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WHO Libya: Health response to COVID-19 in Libya, update # 20 (Reporting period: 12 to 25 November 2020)

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Libia
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WHO
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Highlights

o Libya has 11 523 confirmed cases of COVID-19 (the highest in the North African region), with 161 deaths per 1 million population (second only to Tunisia in the region). Over the past two weeks, there has been a 13% increase in the number of cases of COVID-19 compared to the two weeks covered by situation update # 19. This brings the cumulative number to 79 797 since the first case of the disease was reported in the country on 24 March 2020.

o Of the cumulative number of cases, 27 758 people remain actively infected and 50 914 have recovered. During the reporting period, new deaths increased by 16%, bringing the cumulative number to 1125. The national case fatality rate of 1.41% remains difficult to interpret given the low rate of testing and Libya’s weak mortality surveillance system.

o The municipalities reporting large numbers of confirmed cases over the past two weeks include Tripoli (3870), Misrata (918), Benghazi (223), Azzawya (264) and Janzour (127). While only 67 new cases were reported in Sebha, this reflects the low number of tests conducted (laboratories in Sebha have acute shortages of test kits and many laboratory workers are not reporting for duty because they have no PPE).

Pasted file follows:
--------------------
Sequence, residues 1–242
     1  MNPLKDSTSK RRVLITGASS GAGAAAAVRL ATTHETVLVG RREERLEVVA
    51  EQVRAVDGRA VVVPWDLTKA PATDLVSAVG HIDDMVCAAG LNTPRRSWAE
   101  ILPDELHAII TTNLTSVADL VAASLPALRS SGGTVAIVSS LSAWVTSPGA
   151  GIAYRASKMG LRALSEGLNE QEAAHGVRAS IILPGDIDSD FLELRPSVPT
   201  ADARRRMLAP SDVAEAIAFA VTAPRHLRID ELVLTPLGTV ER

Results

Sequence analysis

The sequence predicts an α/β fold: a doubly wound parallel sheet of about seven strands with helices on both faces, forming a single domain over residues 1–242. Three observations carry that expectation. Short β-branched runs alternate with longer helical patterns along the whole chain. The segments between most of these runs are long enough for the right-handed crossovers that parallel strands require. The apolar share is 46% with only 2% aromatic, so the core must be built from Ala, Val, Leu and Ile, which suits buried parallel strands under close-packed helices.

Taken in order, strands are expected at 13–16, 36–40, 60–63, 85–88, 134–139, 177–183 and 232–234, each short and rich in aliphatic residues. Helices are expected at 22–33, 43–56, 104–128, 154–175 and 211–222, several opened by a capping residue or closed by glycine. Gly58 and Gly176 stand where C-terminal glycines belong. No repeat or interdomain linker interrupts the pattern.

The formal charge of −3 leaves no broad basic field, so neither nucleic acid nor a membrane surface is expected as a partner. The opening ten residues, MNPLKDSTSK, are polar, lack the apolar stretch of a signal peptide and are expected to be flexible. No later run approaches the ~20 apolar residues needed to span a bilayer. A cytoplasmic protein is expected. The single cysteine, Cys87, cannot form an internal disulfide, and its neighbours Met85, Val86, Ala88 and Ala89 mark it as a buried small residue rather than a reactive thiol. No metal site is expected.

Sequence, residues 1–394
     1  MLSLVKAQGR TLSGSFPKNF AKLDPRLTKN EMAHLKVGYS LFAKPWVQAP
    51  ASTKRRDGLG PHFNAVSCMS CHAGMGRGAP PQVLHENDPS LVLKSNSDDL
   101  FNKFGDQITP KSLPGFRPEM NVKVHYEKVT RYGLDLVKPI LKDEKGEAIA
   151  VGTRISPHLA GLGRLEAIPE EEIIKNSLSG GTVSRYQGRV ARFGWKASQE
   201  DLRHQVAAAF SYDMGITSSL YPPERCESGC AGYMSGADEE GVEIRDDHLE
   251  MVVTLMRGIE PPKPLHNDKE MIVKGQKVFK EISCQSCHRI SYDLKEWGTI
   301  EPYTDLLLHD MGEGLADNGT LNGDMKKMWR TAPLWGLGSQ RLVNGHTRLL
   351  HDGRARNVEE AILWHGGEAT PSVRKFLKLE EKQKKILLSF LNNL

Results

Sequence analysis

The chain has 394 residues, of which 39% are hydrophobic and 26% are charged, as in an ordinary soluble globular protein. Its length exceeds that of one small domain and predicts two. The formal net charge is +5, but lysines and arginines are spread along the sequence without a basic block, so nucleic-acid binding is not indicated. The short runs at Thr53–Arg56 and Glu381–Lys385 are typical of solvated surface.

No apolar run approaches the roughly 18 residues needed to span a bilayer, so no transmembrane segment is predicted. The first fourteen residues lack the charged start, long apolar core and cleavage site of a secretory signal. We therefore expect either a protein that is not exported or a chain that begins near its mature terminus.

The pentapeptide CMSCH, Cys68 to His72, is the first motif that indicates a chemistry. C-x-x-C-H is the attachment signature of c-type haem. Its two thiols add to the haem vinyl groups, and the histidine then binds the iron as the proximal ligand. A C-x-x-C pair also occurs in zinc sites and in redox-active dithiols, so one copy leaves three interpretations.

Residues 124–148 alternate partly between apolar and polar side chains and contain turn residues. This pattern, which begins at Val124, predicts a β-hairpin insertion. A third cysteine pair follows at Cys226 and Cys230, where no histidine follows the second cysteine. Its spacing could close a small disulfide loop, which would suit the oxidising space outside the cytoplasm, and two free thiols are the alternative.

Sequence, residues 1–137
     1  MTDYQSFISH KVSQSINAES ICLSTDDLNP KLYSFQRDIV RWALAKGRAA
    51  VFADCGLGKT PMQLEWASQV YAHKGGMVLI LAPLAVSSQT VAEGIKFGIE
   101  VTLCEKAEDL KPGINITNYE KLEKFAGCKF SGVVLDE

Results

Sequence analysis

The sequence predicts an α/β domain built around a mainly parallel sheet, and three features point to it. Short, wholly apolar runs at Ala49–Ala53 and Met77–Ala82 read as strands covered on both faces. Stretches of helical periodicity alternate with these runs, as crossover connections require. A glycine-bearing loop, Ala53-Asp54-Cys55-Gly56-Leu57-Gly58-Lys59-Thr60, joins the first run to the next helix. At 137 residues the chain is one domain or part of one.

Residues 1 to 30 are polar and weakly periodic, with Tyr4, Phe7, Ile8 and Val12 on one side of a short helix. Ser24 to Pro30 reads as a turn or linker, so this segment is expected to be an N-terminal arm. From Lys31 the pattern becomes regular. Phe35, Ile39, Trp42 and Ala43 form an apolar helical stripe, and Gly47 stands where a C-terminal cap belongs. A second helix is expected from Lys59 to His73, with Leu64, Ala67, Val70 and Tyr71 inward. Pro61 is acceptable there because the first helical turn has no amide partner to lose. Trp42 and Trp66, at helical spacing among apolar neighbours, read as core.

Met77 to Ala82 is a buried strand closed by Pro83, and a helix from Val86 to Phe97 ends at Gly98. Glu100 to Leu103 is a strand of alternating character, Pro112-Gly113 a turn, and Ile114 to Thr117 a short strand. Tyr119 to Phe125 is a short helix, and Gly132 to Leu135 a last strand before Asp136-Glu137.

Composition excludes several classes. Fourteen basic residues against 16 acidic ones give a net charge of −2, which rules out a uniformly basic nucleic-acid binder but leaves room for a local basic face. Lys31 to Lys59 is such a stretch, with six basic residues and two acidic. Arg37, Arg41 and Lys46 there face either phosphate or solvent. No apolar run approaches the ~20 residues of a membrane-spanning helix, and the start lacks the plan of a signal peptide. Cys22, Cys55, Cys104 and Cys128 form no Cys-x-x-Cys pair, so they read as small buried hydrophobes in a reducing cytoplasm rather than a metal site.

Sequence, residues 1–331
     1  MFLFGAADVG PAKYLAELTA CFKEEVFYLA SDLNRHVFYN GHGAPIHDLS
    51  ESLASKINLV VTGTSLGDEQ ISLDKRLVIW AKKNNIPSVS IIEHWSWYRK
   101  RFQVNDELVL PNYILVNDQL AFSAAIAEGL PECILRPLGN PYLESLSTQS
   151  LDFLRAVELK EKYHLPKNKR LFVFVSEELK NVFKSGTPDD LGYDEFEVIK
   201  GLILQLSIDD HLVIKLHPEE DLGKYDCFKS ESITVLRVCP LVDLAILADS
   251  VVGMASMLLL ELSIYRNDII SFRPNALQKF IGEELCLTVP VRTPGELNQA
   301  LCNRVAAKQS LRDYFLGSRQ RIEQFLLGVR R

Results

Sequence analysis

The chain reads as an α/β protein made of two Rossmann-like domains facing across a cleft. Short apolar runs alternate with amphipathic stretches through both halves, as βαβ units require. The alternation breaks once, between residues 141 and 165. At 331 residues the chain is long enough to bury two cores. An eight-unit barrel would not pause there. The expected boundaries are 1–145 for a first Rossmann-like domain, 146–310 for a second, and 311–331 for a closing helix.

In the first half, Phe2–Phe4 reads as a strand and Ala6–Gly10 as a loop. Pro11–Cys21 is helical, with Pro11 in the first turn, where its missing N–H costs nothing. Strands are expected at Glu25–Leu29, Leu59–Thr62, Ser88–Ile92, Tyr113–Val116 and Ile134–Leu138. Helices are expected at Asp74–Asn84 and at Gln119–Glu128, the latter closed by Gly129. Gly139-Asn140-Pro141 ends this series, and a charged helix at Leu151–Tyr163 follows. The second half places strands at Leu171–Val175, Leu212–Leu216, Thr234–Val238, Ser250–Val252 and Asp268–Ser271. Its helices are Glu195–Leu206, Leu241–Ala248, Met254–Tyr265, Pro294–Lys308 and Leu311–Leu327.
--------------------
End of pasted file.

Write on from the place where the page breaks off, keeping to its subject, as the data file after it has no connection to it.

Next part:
o Over the past two weeks, a total of 50 661 specimens have been tested in 27 laboratories in Tripoli (37 822 (75%)), Misrata (5206 (10%)), Benghazi (1215 (2%)) and Sebha (573 (1%)). The total number of specimens tested is 430 912 and the cumulative positivity rate is 18.5 %, much higher than the threshold of 5%. This calls for stricter public health and social measures and a rapid scale up of COVID-19 testing across the country.

o The persistent political and security crisis in Libya and the onset of COVID-19 have affected the mental wellbeing and living standards of Libyans, migrants, and refugees, while also exposing them to substantial protection risks. WHO estimates that mental health conditions more than double when populations are affected by conflict. It is likely that one in seven Libyans – approximately one million people – need mental health care for conditions such as depression, anxiety and post-traumatic stress disorder.

o A WHO survey conducted in 2019 showed that mental health services were available only in five cities (Tripoli, Benghazi, Sebha, Ajdabiya and Misrata). Even before the conflict began, only six hospitals, one clinic and four primary health care (PHC) facilities were providing mental health services. Following decades of neglect, it will take years to build services that can cope with emerging needs. There is only one specialized mental health professional for every 300 000 people in Libya (neighbouring Tunisia has one mental health professional for every 100 000).

o WHO will shortly begin implementing a two-year project to strengthen mental health services throughout the country.